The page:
ATLANTA, Sept. 16, 2015 /PRNewswire/ — Equifax Inc. (NYSE: EFX), a global information solutions provider, today announced that it has entered into a strategic agreement with Fannie Mae to enable the GSE to disclose updated, anonymous, loan-level FICO® Scores as part of its ongoing monthly disclosures for its Connecticut Avenue Securities™ (CAS) program.
“We are delighted to build on our long-standing relationship with Fannie Mae, and support their credit risk transfer initiatives,” saidGeoffrey Hickman, Managing Director of Government Credit and Financial Markets at Equifax. “Our new agreement with Fannie Mae to provide anonymous, monthly updated FICO Scores supports their mandate to reduce taxpayer risk, and facilitates an increased role for private capital in the mortgage market,” added Hickman.
“We are pleased to be able to provide our CAS investors with these new supplemental monthly credit disclosures to aid in monitoring their investments,” said Laurel Davis, Vice President of Credit Risk Transfer for Fannie Mae. “We strive to provide the market with continued transparency around our CAS securities, and this addition is consistent with that objective.”
Separately, Equifax will also offer potential investors and other interested parties the opportunity to license an expanded dataset of anonymous, loan-level borrower credit variables that will enable analysis of borrowers’ credit behavior apart from their performance on the mortgage loans referenced in CAS transactions. An innovative aspect of the expanded dataset will be the inclusion of Equifax Dimensions™ trended credit attributes. Equifax Dimensions was launched in 2013 and enables users to leverage tradeline level information derived on a historical time series basis.
Florida pension officials said Friday they have voted 21.7 million shares of Bank of America Corp stock “against” bylaw changes that allowed the bank to combine its chairman and chief executive roles.
The Charlotte, N.C. bank is holding a vote Sept 22 to ratify the bylaw changes, which drew objections from critics who said they ignored a 2009 shareholder vote to separate the two leadership roles.
“Our number one goal when we get up in the morning is not about making money, it’s about serving customers. That is the reason for a business. The result is you make money”
So, how the heck could Wells Fargo make money with lower rates? By being opportunistic in a decline.
“How you behave, and how you think about credit and serving customers in the boom times will allow you to have the capital and the capacity when the real opportunities come in the bad times,” Stumpf said.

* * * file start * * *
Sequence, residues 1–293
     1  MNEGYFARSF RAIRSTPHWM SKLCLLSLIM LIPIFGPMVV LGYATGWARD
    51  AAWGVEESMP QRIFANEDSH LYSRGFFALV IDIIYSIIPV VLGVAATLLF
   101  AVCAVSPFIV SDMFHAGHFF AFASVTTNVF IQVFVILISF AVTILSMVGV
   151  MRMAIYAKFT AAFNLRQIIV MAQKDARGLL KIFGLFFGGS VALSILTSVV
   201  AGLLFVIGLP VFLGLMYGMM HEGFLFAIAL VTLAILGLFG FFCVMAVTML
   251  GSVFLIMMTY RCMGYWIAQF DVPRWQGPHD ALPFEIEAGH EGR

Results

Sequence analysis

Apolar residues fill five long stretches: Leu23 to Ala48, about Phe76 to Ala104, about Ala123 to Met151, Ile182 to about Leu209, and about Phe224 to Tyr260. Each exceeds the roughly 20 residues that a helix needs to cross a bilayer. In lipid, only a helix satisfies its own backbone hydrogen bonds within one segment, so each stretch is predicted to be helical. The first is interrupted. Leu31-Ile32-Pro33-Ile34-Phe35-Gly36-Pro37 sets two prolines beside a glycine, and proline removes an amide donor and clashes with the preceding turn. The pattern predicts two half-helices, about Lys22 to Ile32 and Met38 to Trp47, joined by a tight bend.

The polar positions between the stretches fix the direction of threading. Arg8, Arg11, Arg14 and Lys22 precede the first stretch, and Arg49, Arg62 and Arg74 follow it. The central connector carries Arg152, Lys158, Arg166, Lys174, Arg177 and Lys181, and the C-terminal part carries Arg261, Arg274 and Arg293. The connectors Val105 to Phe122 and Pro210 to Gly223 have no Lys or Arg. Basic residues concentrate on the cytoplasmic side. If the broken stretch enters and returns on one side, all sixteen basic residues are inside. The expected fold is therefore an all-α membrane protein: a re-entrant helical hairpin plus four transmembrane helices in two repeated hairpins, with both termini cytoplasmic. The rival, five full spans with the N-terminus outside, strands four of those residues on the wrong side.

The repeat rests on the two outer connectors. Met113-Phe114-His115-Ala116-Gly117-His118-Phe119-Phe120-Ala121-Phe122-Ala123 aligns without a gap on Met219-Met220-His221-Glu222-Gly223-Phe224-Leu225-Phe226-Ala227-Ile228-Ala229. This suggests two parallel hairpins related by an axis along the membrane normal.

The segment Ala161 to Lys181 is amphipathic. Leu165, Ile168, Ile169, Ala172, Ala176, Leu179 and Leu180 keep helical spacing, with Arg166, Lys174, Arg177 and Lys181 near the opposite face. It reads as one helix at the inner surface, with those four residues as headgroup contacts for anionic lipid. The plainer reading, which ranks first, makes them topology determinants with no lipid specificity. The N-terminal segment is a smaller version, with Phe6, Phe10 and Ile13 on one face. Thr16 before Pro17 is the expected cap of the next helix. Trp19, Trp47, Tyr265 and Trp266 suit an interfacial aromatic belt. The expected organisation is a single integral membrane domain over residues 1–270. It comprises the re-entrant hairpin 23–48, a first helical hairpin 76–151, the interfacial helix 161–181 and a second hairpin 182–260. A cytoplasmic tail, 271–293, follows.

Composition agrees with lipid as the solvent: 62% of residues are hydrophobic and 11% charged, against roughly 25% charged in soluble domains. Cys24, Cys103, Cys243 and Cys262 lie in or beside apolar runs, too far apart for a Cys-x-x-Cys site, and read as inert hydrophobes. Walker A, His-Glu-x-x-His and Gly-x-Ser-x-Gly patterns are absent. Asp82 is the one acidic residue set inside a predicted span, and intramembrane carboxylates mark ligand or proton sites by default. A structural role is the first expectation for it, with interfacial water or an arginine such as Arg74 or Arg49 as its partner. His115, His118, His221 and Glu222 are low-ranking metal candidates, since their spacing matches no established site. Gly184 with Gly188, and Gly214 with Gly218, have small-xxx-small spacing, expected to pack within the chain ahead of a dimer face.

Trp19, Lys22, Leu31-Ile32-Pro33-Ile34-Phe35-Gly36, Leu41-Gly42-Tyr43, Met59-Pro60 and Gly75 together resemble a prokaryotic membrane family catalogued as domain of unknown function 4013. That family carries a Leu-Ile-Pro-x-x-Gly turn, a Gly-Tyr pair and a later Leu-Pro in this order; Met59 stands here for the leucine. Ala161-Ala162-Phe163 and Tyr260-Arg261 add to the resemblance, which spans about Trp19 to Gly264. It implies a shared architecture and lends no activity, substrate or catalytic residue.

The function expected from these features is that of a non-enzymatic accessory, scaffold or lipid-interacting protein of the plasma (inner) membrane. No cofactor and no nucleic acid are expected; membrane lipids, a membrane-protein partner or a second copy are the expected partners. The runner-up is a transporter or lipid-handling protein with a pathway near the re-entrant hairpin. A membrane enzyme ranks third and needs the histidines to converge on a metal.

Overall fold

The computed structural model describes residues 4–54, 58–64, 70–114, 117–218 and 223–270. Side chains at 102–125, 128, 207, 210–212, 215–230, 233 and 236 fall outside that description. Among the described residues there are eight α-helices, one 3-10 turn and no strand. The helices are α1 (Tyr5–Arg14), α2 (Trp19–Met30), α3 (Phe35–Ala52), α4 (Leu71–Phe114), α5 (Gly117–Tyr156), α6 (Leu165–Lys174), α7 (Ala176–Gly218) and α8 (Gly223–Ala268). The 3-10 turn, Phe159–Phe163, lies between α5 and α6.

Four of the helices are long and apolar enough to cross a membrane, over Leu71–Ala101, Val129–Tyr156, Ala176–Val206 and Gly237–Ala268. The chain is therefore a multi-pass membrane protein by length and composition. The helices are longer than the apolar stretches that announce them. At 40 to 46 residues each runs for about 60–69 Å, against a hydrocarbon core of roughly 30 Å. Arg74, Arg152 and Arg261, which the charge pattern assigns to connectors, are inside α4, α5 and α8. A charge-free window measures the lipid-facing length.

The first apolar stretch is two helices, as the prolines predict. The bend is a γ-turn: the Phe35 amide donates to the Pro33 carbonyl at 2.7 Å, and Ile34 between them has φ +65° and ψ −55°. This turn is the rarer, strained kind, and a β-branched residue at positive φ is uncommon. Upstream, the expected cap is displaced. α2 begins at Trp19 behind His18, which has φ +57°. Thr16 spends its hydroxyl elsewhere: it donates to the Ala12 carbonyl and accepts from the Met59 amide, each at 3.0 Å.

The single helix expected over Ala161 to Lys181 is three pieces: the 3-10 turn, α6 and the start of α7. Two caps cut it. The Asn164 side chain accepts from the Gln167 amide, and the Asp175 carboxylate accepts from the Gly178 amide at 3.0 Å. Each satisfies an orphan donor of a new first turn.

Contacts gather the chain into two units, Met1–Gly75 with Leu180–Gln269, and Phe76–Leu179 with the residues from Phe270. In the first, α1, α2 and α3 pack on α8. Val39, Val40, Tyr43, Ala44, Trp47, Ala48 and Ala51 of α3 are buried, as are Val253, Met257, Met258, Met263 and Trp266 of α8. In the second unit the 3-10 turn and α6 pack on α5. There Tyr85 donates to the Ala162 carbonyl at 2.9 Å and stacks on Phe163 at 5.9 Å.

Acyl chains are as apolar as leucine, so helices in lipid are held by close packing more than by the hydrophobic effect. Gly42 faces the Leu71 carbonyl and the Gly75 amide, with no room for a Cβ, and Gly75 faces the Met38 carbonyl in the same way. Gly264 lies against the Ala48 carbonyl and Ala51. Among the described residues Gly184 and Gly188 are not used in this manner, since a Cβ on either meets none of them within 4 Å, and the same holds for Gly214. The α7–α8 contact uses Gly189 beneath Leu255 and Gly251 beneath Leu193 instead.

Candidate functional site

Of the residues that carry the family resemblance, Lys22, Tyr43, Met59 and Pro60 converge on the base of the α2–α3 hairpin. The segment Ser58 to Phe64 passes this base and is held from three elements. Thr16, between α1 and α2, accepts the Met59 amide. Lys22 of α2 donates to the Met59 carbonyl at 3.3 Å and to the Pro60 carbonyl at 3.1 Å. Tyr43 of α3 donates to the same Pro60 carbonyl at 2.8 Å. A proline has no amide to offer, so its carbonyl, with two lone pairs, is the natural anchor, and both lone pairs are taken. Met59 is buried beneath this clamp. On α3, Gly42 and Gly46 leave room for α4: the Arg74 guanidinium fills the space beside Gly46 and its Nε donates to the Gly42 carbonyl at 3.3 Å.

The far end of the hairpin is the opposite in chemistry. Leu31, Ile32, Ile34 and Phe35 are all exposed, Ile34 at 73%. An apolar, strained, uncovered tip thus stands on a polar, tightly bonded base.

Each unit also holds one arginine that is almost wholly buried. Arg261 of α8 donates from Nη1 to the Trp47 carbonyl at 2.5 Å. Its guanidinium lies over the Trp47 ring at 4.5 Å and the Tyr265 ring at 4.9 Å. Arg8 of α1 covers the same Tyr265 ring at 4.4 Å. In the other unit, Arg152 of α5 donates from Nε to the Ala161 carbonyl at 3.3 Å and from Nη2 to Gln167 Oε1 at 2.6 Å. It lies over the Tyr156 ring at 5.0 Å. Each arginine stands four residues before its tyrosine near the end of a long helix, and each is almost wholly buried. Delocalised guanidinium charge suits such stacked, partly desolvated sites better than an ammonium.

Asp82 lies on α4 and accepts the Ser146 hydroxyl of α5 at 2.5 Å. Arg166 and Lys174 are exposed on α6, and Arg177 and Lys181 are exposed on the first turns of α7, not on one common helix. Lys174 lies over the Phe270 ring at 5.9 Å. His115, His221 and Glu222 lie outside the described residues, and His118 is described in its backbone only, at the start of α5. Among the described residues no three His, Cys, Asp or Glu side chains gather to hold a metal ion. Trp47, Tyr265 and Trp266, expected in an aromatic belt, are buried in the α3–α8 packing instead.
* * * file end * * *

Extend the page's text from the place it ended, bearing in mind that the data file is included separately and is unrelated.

As an example, Stumpf explained that in 2008 there were other mortgage lenders were making loans with little verification or deposit requirements. Wells Fargo did not participate in most of that activity, which allowed the company to use its capital to purchase Wachovia when things fell apart. Stumpf added that a large acquisition such as that could probably never happen again in the industry.
“We are essentially a main street bank. We do traditional banking. Some of it is quite sophisticated, but we are not a money center bank. We don’t corner aluminum markets; that’s not who we are,” Stumpf added. (Tweet This)
Ultimately, the CEO’s goal for Wells Fargo is not to make money. It is the thought process behind how the company goes to market and managing risk that will make the difference.
JPMorgan CEO Jamie Dimon says it’s ok that CEOs get paid way more than their average employees, and that cutting down on executive compensation wouldn’t help eliminate income inequality.
That’s according to Bloomberg’s Claire Boston and Hugh Son, who wrote up comments from Dimon at a Detroit event Thursday.
“It is true that income inequality has kind of gotten worse,” Dimon said, but “you can take the compensation of every CEO in America and make it zero and it wouldn’t put a dent into it. What really matters is growth.”
The state’s campaign finance watchdog agency on Thursday adopted new requirements that nonprofit groups that contribute through a federal political action committee to support or oppose ballot measures or candidates in California must disclose their donors.
“The amendment to this regulation clarifies that so-called ‘dark money,’ originating from nonprofit or other organizations whose donors are not disclosed, is not permitted in California elections,” said Hyla P. Wagner, general counsel for the state Fair Political Practices Commission in a report to the panel.
A former paralegal at a personal injury firm forged the signatures of 76 state Supreme Court justices to create more than 100 bogus judicial orders in structured settlement matters, prosecutors allege.
The Manhattan District Attorney’s office said Thomas Rubino, while a paralegal at Paris & Chaikin, forged 117 orders that purported to be judicial orders authorizing the transfer of structured settlement rights.
See Indictment, Statement of Facts, and Voluntary Disclosure Form.
Rubino, 42, pleaded not guilty during an arraignment Wednesday on 117 counts of second-degree forgery and 117 counts of second-degree criminal possession of a forged instrument.
Both are D felonies, which carry statutory maximums of 2 1/3 to 7 years.
Read more: http://www.newyorklawjournal.com/id=1202737413993/Paralegal-Indicted-for-Forging-Signatures-of-76-Judges#ixzz3m41hiDAq